If and when these efforts succeed, it will have drastic implications for future missions to Mars. Not only will great care need to be taken to protect Martian life from contamination by Earth organisms, but precautions must be taken to prevent the same from happening to Earth (aka. Planetary Protection). In a recent study, a team from the University of New South Wales (UNSW) in Sydney, Australia, recommends that legal or normative frameworks be adopted now to ensure that future missions do not threaten sites where evidence of life (past or present) might be found.

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The Current Mars Sample Return Mission isn’t Going to Work. NASA is Going Back to the Drawing Board

Mars Sample Return mission

Human spaceflight is not the easiest of enterprises. NASA have let us know that their plans for the Mars Sample Return Mission have changed. The original plan was to work with ESA to collect samples from Perseverance and return them to Earth by 2031. Alas like many things, costs were increasing and timescales were slipping and with the budget challenges, NASA has had to rework their plan. Administrator Bill Nelson has now shared a simpler, less expensive and less risk alternative.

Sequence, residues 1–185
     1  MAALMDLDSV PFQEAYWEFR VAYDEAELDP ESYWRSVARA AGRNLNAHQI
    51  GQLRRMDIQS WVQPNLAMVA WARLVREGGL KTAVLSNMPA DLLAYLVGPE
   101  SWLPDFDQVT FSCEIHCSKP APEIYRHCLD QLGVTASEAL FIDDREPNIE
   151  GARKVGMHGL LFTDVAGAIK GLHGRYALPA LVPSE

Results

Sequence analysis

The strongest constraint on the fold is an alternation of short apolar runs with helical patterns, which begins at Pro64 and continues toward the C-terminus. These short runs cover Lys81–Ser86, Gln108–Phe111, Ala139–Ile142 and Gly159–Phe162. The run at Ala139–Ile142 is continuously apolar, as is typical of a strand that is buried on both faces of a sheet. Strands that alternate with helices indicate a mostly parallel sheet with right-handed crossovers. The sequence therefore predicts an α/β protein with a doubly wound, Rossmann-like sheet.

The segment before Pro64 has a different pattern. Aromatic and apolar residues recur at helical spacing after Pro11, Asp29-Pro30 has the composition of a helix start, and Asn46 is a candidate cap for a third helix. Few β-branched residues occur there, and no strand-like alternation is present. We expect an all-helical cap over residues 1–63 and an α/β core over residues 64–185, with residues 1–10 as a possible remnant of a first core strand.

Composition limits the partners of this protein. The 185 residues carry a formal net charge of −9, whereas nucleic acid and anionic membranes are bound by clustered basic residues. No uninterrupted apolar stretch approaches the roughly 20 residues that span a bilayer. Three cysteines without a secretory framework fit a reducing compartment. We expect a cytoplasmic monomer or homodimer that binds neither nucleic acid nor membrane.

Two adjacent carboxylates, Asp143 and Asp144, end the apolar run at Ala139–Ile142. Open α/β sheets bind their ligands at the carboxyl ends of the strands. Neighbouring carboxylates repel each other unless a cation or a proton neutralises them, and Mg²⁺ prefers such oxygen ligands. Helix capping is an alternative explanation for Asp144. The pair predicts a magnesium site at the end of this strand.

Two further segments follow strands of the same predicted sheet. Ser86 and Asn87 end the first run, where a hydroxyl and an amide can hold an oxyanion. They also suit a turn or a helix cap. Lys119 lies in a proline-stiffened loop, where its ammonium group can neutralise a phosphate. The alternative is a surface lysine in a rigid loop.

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Perseverance is Keeping Track of the Big Picture While it’s Exploring Mars

Illustration of Perseverance on Mars

It’s always a real benefit to have scientists on the ground, able to use the wealth of their experience and ingenuity to ‘think on their feet’.  It is therefore always quite challenging to use space probes that to a degree need to be autonomous. This is certainly true of the NASA Perseverance Rover that has been drilling core samples that will one day (hopefully) be returned to Earth as part of the Mars Sample Return mission. Until then, a team of Geologists have developed a technique to calculate the orientation of the core samples to help with future analysis.